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(less) Stressing over presentations

On several occasions over the last couple of years, I have been asked to present something technology related to our staff. Presenting at our school can be a bit of a daunting experience. An average High School meeting can be 200 people, and a campus meeting even bigger. As a newbie teacher five years ago, the concept of presenting to a large meeting gave me palpitations and I always over planned with mixed results. I never considered myself a natural public speaker but instead muddled my way through. Some people say that teachers spend their whole life presenting, so should therefore have no problem doing the same to a bigger audience. In my experience it is a completely different experience, taking someone from their comfort zone of the classroom and asking them to present to their peers.

Over the last couple of years I set professional goals in this area to try improve. I never aim to to be world’s most witty, charming presenter but hopefully I can be someone who can present sometimes dry material in an engaging and thoughtful way and make our teachers think and reflect.

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My baptism by fire was presenting a 5 min keynote at the Learning 2 Conference in Bangkok in 2014. (if you look hard enough, there is a copy of it on YouTube somewhere) It was probably the most stressful thing I have done, but in the process and in reflection. I learned a method which works for me and overtime has helped me be more confident in my delivery.

My current routine goes a little like this….

  1. Explore what data or research can support the presentation – I always try to hang my message off some specific information from the context of our school. It could be survey data from a student perspective or quotes from a focus group. Teacher tend to be more engaged with stories from our school and numbers to back up statements.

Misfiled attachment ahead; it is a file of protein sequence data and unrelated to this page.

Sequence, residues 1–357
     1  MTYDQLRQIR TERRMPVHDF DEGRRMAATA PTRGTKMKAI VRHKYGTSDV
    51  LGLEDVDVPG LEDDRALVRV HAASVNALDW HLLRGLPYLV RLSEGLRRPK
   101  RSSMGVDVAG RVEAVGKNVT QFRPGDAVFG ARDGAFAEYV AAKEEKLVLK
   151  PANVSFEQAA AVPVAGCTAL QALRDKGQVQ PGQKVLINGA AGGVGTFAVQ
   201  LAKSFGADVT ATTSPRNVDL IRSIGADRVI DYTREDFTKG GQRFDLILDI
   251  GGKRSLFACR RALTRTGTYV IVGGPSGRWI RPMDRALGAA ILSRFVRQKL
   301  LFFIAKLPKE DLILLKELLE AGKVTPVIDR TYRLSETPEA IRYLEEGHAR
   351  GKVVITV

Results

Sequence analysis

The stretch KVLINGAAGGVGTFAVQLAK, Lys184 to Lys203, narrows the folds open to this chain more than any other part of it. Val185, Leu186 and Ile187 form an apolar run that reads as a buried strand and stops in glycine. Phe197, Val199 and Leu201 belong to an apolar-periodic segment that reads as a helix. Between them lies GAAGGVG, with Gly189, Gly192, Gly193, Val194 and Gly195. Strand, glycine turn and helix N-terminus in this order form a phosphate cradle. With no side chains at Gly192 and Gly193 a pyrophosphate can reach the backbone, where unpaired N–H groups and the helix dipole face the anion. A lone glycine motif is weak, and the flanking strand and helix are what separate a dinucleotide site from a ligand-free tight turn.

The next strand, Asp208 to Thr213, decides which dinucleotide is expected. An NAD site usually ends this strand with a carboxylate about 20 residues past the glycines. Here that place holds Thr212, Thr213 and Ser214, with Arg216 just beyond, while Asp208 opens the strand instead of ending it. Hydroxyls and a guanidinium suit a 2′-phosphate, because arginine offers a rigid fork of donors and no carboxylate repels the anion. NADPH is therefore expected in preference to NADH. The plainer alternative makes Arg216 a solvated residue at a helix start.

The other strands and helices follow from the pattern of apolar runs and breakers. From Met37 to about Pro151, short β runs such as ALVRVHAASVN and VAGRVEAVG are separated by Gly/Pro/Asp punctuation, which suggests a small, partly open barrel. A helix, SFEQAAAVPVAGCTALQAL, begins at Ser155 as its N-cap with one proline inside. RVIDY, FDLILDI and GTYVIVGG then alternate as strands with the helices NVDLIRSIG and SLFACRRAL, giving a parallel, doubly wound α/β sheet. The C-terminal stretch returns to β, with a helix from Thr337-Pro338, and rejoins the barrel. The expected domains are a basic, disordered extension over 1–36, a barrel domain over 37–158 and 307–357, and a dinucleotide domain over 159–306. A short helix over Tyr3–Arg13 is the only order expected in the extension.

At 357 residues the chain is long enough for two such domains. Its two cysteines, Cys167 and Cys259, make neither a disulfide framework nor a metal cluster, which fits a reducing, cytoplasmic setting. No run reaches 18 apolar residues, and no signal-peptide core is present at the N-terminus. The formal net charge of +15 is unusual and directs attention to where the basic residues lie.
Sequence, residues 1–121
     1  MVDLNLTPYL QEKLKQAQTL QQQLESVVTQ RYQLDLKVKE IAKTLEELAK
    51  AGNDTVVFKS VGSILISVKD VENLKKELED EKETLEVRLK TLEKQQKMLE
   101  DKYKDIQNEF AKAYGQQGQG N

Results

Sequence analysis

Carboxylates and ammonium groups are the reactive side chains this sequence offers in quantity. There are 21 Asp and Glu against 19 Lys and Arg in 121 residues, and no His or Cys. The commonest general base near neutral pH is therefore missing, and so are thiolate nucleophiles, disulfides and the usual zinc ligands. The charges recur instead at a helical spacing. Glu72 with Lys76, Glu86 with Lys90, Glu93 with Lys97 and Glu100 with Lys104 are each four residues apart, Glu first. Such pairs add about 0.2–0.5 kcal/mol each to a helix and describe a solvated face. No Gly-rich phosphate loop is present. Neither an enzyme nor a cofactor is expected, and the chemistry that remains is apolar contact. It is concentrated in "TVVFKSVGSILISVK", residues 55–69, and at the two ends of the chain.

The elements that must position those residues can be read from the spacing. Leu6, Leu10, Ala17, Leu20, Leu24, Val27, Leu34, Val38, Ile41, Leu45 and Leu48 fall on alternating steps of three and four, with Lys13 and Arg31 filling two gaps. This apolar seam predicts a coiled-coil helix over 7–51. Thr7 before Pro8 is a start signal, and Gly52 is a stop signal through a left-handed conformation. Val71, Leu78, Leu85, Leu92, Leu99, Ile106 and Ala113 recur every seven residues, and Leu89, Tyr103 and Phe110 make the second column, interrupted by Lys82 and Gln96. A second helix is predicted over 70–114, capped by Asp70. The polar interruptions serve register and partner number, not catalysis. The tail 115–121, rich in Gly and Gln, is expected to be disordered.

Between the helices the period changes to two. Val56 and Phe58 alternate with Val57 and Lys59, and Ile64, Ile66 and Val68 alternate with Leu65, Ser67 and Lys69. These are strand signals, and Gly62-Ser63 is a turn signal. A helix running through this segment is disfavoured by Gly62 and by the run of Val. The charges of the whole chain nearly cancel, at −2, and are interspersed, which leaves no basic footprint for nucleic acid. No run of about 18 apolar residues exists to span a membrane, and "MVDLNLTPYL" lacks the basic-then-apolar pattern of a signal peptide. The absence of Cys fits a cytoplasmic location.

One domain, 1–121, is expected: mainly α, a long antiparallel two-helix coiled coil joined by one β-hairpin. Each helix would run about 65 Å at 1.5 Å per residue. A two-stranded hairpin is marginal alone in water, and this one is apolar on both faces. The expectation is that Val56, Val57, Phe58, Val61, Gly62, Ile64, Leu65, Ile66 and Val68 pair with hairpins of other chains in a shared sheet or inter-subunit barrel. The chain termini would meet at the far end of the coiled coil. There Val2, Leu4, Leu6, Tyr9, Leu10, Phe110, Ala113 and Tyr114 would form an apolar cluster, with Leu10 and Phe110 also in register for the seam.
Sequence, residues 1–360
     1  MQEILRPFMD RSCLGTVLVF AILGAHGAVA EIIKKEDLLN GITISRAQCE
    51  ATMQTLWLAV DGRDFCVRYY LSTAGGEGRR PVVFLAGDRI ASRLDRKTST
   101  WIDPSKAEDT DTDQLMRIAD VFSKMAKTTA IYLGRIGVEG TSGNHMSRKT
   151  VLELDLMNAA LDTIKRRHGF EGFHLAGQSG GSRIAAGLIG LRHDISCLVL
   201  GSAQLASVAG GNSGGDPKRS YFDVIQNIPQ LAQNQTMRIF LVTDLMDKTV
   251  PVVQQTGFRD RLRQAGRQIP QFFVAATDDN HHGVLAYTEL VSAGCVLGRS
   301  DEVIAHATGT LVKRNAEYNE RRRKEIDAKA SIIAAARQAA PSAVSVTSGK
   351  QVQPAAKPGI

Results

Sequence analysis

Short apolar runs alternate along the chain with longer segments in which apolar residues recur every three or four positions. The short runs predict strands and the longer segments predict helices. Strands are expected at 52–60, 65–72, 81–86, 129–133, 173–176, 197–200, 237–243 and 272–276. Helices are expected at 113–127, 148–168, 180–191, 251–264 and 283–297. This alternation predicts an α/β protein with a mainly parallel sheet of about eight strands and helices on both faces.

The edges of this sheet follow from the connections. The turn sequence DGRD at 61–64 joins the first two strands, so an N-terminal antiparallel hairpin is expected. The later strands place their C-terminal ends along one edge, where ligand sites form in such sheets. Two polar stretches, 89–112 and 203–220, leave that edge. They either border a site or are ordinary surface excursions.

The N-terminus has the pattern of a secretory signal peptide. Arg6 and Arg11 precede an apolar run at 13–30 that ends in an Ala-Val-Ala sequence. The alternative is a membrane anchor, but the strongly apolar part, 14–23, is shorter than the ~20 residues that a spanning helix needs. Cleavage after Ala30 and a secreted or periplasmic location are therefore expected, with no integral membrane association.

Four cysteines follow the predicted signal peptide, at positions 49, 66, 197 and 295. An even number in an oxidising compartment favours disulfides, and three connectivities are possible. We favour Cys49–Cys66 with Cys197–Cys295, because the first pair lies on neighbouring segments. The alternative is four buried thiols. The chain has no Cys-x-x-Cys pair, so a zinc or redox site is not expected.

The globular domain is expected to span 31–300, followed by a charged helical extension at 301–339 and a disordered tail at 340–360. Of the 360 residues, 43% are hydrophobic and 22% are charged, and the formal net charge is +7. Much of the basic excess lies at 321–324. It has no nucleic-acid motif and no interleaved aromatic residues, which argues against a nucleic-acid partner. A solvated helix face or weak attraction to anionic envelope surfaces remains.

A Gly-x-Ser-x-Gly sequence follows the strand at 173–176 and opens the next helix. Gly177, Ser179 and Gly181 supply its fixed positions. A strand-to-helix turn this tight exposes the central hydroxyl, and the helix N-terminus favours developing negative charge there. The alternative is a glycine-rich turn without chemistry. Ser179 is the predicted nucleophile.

2. First mockup of slides – Begin by spending an hour, usually the week before a presentation (hopefully not the night before) putting an idea into slides and thinking through a sequence. Usually Google Presentations or Keynote for something bigger.
  3. Speak through for the first time – Might seem odd, but once I have some rough slides; usually with bullet points, boxes or a couple of pictures, I will try find a venue and then talk through the presentation with no notes. I usually find that during a first run through my ideas come together better as I verbalise them.
  4. Identify chance for engagement – somewhere in every presentation you need a chance to let teachers talk to their elbow partners. When practising there will be a natural spot where you can let teachers predict what the next answer might be, or to take an idea and then discuss how this relates to their classroom practice.
  5. Back to the drawing board – usually once I have done the first verbal run through, I have a more complete set of ideas and proceed to rehash the slide deck completely. Here I put a huge effort into the layout of slides, usually removing text and bullets (putting them into the notes instead) and replacing them with icons, images, aligned boxes or diagrams. Everyone knows the message about much too much text, but if laid out nicely on the page some text works and adds depth to your message. Sites like Slides Carnival are useful inspiration, but I try take elements of the templates rather than follow them strictly like a recipe.